Last week, the New Jersey Appellate Division issued a decision that may have a significant impact on insurance coverage for progressive property damage claims in the state. In Air Master & Cooling, Inc. v. Selective Ins. Co. of Am., No. A-5415-15T3, 2017 WL 4507547 (N.J. Super. Ct. App. Div. Oct. 10, 2017), the court first confirmed that a “continuous trigger” applies to third-party construction defect claims. A continuous trigger requires multiple successive insurers on the risk from the date of exposure through manifestation to cover a loss. Previously, New Jersey appellate courts had applied “continuous trigger” to analogous cases, such as property damage and bodily injury claims arising from the installation of asbestos products, environmental contamination, and toxic torts. At least one trial court had applied a continuous trigger to “delay manifestation property damage claims.” See Cypress Point Condominium Ass'n v. Selective Way Ins. Co., HUD-L-936-14, 2015 WL 1515944 (Law Div. Mar. 30, 2015). The Air Master decision confirms that a continuous trigger theory will be applied to allegations of continuing property damage over a period of time in the construction defect context.
The insured in this case, Air Master, had performed HVAC work at a condominium building in Montclair, New Jersey between November 2005 and April 2008. The condominium association brought a lawsuit against certain contractors after water infiltration and resulting damage was discovered. Air Master was named as one of several third-party defendant sub-contractors. Selective issued a series of policies to Air Master from June 2009 through June 2012 and denied coverage to Air Master, arguing that the property damage had already manifested before the June 2009 policy incepted. Selective pointed to a November 2010 local news story that had reported that residents began noticing water infiltration starting in early 2008. Air Master argued that the water damage was not discovered until the condominium association’s expert consultant issued a report in May 2010.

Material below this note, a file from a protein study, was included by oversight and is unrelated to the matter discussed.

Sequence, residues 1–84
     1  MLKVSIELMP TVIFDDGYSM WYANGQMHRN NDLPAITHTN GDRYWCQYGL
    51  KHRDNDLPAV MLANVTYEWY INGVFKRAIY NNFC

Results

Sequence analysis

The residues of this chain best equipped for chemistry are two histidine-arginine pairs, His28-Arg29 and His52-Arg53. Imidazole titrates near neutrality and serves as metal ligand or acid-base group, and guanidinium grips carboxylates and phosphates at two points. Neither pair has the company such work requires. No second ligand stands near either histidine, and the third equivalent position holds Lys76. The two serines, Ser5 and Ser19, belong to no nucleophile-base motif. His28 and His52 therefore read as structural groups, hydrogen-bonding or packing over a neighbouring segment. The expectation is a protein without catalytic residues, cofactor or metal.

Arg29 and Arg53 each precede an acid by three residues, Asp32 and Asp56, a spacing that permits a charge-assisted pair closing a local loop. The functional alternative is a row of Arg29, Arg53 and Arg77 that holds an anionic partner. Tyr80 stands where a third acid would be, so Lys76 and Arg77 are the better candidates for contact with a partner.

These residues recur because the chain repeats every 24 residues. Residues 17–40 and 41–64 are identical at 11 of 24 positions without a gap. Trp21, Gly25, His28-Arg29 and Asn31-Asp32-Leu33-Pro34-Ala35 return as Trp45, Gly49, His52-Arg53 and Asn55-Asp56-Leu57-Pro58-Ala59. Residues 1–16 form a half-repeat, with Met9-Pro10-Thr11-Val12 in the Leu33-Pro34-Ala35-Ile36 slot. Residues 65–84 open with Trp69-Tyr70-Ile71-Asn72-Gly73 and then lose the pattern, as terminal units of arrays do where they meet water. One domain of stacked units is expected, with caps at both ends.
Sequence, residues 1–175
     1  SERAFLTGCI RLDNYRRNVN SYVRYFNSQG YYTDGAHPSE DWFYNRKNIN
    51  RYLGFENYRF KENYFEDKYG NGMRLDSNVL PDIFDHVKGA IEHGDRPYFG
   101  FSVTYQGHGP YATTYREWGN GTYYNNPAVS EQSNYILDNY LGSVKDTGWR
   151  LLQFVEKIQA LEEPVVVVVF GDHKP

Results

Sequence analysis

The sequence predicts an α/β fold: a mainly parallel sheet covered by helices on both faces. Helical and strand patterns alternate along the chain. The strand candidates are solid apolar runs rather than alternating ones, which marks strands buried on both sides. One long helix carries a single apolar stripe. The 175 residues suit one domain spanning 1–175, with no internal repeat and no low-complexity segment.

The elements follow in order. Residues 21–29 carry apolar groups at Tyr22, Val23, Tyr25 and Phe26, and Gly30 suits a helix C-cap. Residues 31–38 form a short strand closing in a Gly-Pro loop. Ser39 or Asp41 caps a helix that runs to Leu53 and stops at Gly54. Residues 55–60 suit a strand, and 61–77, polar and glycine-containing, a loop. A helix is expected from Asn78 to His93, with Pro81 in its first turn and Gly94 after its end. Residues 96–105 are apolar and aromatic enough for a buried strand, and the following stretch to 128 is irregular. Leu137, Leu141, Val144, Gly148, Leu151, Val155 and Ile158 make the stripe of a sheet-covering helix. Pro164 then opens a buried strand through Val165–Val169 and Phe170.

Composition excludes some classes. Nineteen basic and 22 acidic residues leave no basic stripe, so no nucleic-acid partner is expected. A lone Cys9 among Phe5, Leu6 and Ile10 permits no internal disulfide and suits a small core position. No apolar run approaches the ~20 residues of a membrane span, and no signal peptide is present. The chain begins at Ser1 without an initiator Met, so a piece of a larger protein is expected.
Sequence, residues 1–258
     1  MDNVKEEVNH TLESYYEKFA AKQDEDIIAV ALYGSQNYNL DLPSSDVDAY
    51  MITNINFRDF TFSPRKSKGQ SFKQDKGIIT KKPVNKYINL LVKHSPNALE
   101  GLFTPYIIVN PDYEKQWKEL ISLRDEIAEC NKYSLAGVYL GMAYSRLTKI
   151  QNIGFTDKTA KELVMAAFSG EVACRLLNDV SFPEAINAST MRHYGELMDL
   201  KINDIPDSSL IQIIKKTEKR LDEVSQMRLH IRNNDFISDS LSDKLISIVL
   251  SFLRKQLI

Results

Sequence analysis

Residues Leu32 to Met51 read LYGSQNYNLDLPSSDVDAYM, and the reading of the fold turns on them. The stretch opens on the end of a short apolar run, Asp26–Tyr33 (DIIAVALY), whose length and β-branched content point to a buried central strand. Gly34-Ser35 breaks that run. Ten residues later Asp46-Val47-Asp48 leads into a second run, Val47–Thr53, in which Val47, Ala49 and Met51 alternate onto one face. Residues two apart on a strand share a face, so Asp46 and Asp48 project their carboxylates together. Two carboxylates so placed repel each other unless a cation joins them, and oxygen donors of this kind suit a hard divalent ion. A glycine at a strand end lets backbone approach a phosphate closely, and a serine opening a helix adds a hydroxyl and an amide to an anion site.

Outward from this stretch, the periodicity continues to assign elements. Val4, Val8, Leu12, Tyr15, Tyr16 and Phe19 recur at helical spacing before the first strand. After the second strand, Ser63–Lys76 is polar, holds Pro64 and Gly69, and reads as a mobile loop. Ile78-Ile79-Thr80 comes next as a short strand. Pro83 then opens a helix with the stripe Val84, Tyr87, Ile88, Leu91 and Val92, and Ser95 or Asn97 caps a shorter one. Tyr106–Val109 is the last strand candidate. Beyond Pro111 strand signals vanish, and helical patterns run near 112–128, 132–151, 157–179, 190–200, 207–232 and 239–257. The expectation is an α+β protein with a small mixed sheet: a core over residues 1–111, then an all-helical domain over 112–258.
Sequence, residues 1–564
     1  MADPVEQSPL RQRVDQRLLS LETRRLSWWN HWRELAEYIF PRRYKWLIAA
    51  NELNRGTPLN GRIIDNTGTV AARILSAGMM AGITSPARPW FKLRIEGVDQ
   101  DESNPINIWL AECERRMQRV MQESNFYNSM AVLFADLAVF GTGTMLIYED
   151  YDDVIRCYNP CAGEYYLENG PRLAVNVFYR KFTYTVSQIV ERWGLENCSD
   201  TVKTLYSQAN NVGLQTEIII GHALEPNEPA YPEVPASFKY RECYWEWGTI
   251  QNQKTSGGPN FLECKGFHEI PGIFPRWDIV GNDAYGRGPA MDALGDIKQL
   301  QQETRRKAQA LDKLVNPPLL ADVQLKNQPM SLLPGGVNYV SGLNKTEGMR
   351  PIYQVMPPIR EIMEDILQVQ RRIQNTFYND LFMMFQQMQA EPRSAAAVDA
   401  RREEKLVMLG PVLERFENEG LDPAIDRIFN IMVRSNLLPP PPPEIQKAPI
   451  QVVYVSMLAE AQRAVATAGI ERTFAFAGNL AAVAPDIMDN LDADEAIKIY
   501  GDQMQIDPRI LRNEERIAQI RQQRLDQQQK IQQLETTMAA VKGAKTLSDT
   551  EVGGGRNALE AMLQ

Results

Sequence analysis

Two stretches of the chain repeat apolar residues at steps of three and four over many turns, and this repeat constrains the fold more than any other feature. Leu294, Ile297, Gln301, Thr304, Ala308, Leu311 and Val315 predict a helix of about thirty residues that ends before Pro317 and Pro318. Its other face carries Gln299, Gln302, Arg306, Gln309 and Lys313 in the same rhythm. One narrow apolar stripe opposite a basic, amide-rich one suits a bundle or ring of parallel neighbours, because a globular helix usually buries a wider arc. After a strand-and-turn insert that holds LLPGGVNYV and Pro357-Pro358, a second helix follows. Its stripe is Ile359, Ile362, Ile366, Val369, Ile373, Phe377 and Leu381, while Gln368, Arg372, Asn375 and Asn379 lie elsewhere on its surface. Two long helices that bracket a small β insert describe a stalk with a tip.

After confirming that continuous trigger was the appropriate legal framework for progressive property damage caused by construction defect(s), the issue before the court was to determine the endpoint for a covered occurrence — or the last “pull of the trigger.” The court concluded that coverage ends when the “essential nature and scope of the property damage first becomes known, or when one would have sufficient reason to know of it.” Air Master argued that this should be further narrowed to when there is expert or other proof that links the injury to the particular conduct of the insured. This was akin to the equitable tolling doctrine developed in the statute of limitations context, whereby an injured plaintiff has additional time to file suit until they have reason to know they have been injured and to attribute that injury to the fault of a particular defendant. The court rejected this theory, stating that the “policy considerations that justify the equitable tolling of statutes of limitations for plaintiffs do not pertain to insured defendants who have potentially caused a progressive injury.” (emphasis in original). The court instead held that the end date for coverage is the date of initial damage manifestation common to all defendants, without attribution to the particular insured.
This decision clarifies the law in New Jersey as to the appropriate coverage period for continuous property damage claims caused by construction defects. However, determining the manifestation date that effectively ends coverage may prove to be a fact-intensive inquiry. The court found that the manifestation cannot be “merely tentative,” but need not be “definitive or comprehensive.” Rather, there must be awareness of an “essential” manifestation, which falls somewhere between tentative and definitive. In Air Master, the court refused to accept Selective’s argument that the news report of resident complaints in 2008 was adequate to prove manifestation and remanded the case for further discovery on the issue. An expert or transition report detailing the nature and extent of property damage is likely sufficient to prove manifestation. However, there is the possibility that the date could be earlier if there was sufficient evidence of earlier knowledge.